Co-Operating in the Development of Competition Law and Economics Academics in New Jurisdictions
King's College London – The Dickson Poon School of Law
affiliation not provided to SSRN
Whish and Townley (eds.), New Competition Jurisdicitions: Shaping Policies and Building Institutions, Edward Elgar, Cheltenham, 2012
This chapter is devoted to understanding the difficulties faced by young competition law and economics academics (and those considering becoming competition academics) in new jurisdictions (in this chapter, New Academics). It also asks what can be done to help, in particular, those in poorer countries.
New Academics face myriad difficulties in the developing world. They often include feelings of isolation, a lack of training (in both research and teaching), and limited infrastructure (there may be no broadband access, for example, and libraries can be sparse). So, it is often hard to persuade people to even consider academia as a career choice. It is even harder to generate interest in becoming a competition law and economics academic, partly because these disciplines are often unknown in new jurisdictions, which often means that there are few role models there. We want to help to develop research and teaching in competition law and economics in new jurisdictions. Promoting competition research should enable academics to translate the results of studies carried out elsewhere into their national contexts. We also hope that academics from developing countries will be able to come up with their own original research, which will benefit others as well. The laws developed in the West may be impossible to for new jurisdictions to enforce; but also they need different laws that address different goals. If this is true, greater efforts at translation are needed. In any event, this research should improve the insight into competition problems around the world, as well as feed directly into knowledge-based decision-making in the relevant country. This should bring with it pride and self-reliance, as well as better results. Improving the teaching in developing countries is important too. It gives these researchers a platform for testing and disseminating their ideas. This might be to help policy-makers to improve knowledge-based decision-making. It could also help to educate (future) lawyers, economists, competition authority officials, judges and civil society in general. This should mean that decisions are better and faster. This, in turn, should increase the benefits that competition can bring to these countries.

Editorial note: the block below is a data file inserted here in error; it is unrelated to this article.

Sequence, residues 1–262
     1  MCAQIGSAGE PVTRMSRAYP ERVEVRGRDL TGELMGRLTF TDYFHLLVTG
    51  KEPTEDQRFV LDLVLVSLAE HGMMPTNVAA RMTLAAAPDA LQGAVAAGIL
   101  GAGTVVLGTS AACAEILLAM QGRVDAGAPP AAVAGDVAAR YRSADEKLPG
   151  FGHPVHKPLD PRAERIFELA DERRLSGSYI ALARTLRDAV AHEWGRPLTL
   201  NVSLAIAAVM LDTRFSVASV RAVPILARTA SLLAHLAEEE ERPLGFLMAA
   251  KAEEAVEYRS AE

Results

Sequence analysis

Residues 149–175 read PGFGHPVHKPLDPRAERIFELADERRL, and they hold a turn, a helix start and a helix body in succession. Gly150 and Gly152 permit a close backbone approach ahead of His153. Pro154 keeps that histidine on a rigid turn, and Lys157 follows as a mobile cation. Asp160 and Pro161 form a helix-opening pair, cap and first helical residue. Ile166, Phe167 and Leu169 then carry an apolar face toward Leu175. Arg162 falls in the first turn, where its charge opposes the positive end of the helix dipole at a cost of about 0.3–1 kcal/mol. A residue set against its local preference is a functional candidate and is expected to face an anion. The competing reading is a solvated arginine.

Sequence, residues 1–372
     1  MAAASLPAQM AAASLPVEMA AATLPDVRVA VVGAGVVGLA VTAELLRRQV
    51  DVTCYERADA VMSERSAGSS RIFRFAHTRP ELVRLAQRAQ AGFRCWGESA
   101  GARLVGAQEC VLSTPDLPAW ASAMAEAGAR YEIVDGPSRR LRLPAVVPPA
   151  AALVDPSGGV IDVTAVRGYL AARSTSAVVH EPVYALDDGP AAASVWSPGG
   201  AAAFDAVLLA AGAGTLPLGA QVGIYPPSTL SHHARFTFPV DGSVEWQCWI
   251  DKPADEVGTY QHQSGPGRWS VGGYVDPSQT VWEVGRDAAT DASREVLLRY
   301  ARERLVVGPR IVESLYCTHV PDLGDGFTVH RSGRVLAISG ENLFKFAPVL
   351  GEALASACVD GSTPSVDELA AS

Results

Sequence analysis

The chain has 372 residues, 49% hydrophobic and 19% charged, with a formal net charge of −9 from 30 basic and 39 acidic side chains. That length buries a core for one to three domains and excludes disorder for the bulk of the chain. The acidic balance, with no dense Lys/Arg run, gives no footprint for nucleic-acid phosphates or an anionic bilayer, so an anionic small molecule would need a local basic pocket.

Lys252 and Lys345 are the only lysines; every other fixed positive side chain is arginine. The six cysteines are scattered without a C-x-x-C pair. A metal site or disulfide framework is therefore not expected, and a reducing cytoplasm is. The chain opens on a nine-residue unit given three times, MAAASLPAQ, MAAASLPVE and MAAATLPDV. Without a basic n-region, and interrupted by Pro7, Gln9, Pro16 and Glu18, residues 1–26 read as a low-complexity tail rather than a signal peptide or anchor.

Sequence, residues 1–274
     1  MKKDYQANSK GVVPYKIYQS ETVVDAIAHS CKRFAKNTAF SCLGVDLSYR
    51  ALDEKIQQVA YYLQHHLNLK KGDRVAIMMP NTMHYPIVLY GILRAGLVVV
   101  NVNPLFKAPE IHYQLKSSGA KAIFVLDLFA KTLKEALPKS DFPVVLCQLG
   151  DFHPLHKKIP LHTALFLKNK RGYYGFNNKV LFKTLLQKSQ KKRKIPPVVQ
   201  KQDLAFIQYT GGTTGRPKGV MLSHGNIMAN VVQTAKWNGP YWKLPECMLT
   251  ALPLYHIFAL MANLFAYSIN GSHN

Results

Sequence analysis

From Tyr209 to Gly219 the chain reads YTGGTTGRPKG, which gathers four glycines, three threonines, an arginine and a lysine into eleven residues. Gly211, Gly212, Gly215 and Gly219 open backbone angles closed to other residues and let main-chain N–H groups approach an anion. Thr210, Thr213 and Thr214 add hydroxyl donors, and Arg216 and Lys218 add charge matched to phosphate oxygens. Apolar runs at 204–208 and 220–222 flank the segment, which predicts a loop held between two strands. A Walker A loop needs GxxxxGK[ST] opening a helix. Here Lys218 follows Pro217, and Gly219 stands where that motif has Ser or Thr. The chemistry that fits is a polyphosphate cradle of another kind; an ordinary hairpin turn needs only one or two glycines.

This chapter is only the start of the conversation. It discusses the management and education literature dealing with the challenges of entering academia (or considering making this leap) in developing countries. This literature enriches the experience and comments of those present at the conference. However, one key weakness of our approach is that papers and experience are tied to specific countries, universities and people. This may limit the relevance of this chapter; discussion of development issues must take into account the people and context in issue. So, before we start, a health warning: more research is needed before we act. There is a history of unsuccessful intervention in this area. Failed schemes raise skepticism in the rich world which can, ultimately, undermine the appetite for trying to help; in the least developed countries, failure can shatter lives and undermine development for years to come.
Keywords: Competition, antitrust, developing countries, new jurisdictions, academics, law, economics
JEL Classification: I28, K21, L40
Date posted: September 26, 2012
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